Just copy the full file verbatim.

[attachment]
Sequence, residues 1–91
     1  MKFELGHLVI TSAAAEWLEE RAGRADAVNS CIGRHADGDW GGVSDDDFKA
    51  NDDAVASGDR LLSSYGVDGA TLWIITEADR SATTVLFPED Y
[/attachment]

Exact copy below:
Sequence, residues 1–91
     1  MKFELGHLVI TSAAAEWLEE RAGRADAVNS CIGRHADGDW GGVSDDDFKA
    51  NDDAVASGDR LLSSYGVDGA TLWIITEADR SATTVLFPED Y